Looking at the horizon from the Ashulia-Mirpur diversion road, all that is seen are formidable-looking, monumental chimneys emitting dark clouds of smoke over a vast expanse of wetland. The number of brick kilns on the lowland is immeasurable in the area. According to a World Bank report, in the North Dhaka cluster, brick kilns account for nearly 40 percent of total emissions during their 5-month operating period every year, making Dhaka one of the most polluted cities of the world. They are also the city's main source of fine particulate pollution. "But the law regarding the legitimacy of the brick kilns is unclear," says Rizwana Hasan. She adds that it is not illegal to establish brick kilns on the flood flow zones that do not have any residential area in a 150 feet radius. "But what is wrong with these brick kilns is that they use the traditional chimneys, not the zigzag or Hybrid Hoffman Kilns (HHF) or a similar technology that are energy efficient and reduce the emissions," adds Rizwana.

Since the traditional, outdated kilns consume a lot of energy, they are a threat to our forestland as well. According to a study by Asit Ranjan Paul, divisional forest officer of Tangail, the unregulated brick kilns burn fuel-woods equivalent to 2.4 crore standing trees every year.

Raihan Bin Shafiq, an NGO official who has been travelling extensively to Savar and Ashulia for the last seven years has witnessed a dramatic change in the landscape of the area. "I support industrialisation and development. But I don't understand why Mother Nature should have to pay the price. What will our future generations think about us?" he says. He also reminisces that the area was very popular for its clean air and scenic beauty. But the encroachment on the foreshores along the embankment and the brick kilns on the other side of the river occupying the lowlands are killing the environment.

"Our problem is that we don't count the environmental or social cost of these industries," says Engineer M Inamul Haque. When factors like energy efficiency and emissions are considered, the eco-friendly technologies are far more cost-effective than the traditional ones. But the consequences on the environment are never considered while setting up the industries.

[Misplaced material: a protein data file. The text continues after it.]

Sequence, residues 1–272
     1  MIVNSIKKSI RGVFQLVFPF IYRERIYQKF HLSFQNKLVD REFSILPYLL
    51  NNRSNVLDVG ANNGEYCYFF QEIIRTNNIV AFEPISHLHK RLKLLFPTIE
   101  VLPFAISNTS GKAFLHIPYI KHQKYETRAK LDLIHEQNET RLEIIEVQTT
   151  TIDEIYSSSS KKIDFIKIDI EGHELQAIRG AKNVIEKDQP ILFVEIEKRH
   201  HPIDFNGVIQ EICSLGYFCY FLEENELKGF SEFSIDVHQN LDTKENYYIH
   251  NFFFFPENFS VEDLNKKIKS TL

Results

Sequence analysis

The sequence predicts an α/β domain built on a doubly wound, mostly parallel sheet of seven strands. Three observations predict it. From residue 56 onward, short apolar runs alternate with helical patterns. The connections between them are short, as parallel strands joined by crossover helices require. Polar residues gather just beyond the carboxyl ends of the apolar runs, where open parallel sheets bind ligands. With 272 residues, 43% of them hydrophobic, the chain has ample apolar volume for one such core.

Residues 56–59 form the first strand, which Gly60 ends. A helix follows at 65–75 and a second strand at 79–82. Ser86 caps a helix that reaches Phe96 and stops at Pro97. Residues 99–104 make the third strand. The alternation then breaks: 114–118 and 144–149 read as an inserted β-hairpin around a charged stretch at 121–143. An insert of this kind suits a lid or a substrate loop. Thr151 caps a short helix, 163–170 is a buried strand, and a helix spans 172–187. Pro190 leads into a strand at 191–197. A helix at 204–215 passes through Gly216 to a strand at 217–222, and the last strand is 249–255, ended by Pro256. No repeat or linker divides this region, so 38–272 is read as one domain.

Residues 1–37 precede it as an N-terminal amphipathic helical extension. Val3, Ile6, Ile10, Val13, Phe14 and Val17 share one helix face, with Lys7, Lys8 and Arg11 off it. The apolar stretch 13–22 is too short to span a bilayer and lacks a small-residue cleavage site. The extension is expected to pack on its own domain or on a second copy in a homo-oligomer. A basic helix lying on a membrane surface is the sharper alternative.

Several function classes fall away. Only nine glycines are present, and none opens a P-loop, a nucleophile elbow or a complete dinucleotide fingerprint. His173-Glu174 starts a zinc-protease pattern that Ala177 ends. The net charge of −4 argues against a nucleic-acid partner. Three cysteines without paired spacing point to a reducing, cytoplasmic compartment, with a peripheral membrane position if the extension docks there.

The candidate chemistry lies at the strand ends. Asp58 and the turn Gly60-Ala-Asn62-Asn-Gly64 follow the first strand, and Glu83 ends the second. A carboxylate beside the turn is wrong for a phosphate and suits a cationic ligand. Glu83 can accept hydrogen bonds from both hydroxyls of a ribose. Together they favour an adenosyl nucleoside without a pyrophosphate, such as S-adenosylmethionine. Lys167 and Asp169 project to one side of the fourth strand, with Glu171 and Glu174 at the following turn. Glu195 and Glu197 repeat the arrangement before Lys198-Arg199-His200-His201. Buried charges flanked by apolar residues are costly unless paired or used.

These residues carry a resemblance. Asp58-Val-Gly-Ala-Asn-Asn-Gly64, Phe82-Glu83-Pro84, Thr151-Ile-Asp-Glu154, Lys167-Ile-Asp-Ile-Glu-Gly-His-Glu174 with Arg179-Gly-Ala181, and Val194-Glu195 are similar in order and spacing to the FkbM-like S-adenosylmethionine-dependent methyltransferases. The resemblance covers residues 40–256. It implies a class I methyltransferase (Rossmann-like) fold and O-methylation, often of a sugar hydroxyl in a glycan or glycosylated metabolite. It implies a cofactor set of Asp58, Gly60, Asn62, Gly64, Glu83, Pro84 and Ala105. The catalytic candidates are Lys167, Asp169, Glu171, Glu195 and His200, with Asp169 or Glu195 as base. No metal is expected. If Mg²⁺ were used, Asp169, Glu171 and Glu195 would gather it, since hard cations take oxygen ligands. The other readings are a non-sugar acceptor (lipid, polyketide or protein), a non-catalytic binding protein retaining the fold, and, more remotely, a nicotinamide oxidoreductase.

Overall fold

Around 40 percent of the wetlands of Dhaka have disappeared in 20 years.

The BIWTA official, on conditions of anonymity, informs that the anomalies in deciding the area of the river have been going on for years. "Otherwise, people would not have been able to own lands on the banks of rivers," he says. The problem with people owning lands on river banks is that the administration can't intervene on private property like the way it can on government land.

With its mobile courts, Rajuk has already taken several steps toward improving the situation in that area. It further plans to conduct another drive to demolish the parts of buildings that exceed the demarcation line this week, says Sk Abdul Mannan, Member (planning), Rajuk. Therefore, the filling up of lowlands and the structures that are being built outside the demarcation line will remain unharmed.

While Rajuk, DoE, district administration and BIWTA lack coordination among each other and complain of scarcity of manpower, the lifelines of the city are rapidly becoming thin ribbons of toxic water. “The utter resignation with which the government departments are witnessing the destruction of the rivers is shameless,” says Syeda Rizwana Hasan of Bela. “The demarcation lines of the rivers are clearly designed to protect the illegal encroachers. They neither have any intention to protect the river, nor any hope to punish the encroachers,” she asserts.

The groundwater level of the capital is depleting by two to three metres per year due to excessive extraction of groundwater. Taking that into account, the environmentalists believe that polluting and choking the rivers reflects nothing but a suicidal tendency.

Environmentalists agree that the several government organisations that have the responsibility to protect our rivers, need to make coordinated and impartial efforts to save ourselves and our future generations from an imminent catastrophe: a barren and unlivable Dhaka. Encouraging the general public to take bold actions against the encroachers and providing them with legal support can also be an effective step. There is no other way to save our rivers.

If we don't bring about radical changes now, our future generations will bear the brunt of the ruthless arrogance, with which we have been destroying Mother Nature.